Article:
WADA had insisted that Russia meet two criteria before RUSADA could be re-admitted; accept the findings of the McLaren Report and grant access to Moscow's anti-doping laboratory.
The compliance review committee had reviewed a letter from the Russian Sports Ministry that said it had 'sufficiently acknowledged the issues identified in Russia' and that they agree to accept the two remaining conditions'.
WADA voted unanimously to re-instate the Russian Anti-Doping Agency at their congress in the Seychelles , going against the wishes of numerous national Anti-Doping agencies around the world.
The decision received so much criticism that the head of WADA, Craig Reedie , had to publicly defend the decision   as he came under mounting criticism.
With RUSADA now re-instated, the Russian Athletics Federation launched a legal challenge to the IAAF to overturn their ban from athletics competitions from which they were still suspended.
By 26 September , 77 Russians were serving doping bans in the sport of athletics including 72 athletes and five coaches and athlete support personnel.
It was announced in November that the International Olympic Committee would further re-analyse stored samples from the Olympics , testing for all banned substances.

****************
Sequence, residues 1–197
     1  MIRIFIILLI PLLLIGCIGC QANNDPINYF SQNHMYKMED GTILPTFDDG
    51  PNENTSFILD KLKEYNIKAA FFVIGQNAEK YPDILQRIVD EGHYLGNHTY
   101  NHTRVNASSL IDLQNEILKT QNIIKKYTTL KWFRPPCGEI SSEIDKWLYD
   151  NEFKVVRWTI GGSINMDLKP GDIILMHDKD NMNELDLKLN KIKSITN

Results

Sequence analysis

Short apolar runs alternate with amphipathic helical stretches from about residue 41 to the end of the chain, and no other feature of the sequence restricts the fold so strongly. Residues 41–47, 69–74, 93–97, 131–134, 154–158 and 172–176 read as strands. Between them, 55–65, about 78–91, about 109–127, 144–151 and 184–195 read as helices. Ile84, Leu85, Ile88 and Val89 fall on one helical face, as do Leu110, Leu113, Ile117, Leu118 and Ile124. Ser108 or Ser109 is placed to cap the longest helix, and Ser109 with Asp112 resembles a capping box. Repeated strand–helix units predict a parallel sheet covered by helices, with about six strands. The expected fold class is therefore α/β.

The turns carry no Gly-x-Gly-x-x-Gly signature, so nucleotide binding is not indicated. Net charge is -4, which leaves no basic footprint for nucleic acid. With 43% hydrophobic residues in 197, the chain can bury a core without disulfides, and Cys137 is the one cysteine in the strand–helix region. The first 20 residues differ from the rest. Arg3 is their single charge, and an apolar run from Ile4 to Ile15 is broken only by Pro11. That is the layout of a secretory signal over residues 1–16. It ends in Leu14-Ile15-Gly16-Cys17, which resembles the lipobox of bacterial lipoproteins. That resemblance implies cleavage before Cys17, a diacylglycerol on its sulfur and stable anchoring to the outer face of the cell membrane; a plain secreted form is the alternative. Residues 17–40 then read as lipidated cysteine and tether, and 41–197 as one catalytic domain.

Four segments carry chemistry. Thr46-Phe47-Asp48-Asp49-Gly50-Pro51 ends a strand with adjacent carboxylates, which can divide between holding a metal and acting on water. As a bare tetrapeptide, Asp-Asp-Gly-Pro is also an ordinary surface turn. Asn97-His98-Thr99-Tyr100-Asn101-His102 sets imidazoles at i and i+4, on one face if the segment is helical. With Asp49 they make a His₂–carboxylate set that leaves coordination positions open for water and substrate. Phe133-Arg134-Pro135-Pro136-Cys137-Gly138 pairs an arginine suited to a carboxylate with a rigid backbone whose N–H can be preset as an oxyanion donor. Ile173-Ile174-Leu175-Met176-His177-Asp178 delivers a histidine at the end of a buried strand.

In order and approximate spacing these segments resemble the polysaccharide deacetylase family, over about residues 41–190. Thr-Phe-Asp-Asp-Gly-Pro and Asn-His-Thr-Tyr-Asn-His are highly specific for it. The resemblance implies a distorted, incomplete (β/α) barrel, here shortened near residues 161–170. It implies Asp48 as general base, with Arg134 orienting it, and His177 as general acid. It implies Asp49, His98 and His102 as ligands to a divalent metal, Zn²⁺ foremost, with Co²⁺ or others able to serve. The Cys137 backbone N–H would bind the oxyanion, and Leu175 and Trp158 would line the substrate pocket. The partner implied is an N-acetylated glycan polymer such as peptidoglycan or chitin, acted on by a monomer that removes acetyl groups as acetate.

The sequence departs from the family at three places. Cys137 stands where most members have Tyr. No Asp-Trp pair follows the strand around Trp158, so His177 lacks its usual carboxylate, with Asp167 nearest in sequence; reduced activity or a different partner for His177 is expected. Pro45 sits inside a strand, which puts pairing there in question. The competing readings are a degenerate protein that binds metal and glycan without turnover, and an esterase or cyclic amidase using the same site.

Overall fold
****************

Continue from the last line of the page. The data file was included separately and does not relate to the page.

This came after 48 adverse analytical findings were found in previous re-analysis of samples with 22 of them being Russian . On 14 December , Hugo Lowell at The i newspaper reported from Moscow that officials at the Russian Ministry of Sport were still reluctant to cooperate fully with WADA over turning over the testing data from its anti-doping laboratory.
Later, it emerged that WADA was unsuccessful in retrieving the data because their equipment had allegedly not been properly certified.
The reinstatement of RUSADA prompted allegations of bullying and a call for reform within the World Anti-Doping Agency,  however the IAAF decided to uphold Russia's suspension from athletics into with 63 Russians cleared to compete as neutral athletes for the year.
WADA had set Russia a strict deadline to hand over data from their Moscow laboratory by 31 December, a deadline which they evidently missed.
WADA president Dick Pound described the reaction to their decision as like a 'lynch mob'. WADA eventually gained full access to the Moscow laboratory on 10 January, 10 days after the initial deadline.
The WADA president described it as a 'major breakthrough for clean sport' and said that they were now starting their second phase of authentication and review of the data that had been collected to make sure that it had not been compromised and to build strong cases against Russian athletes that might have doped.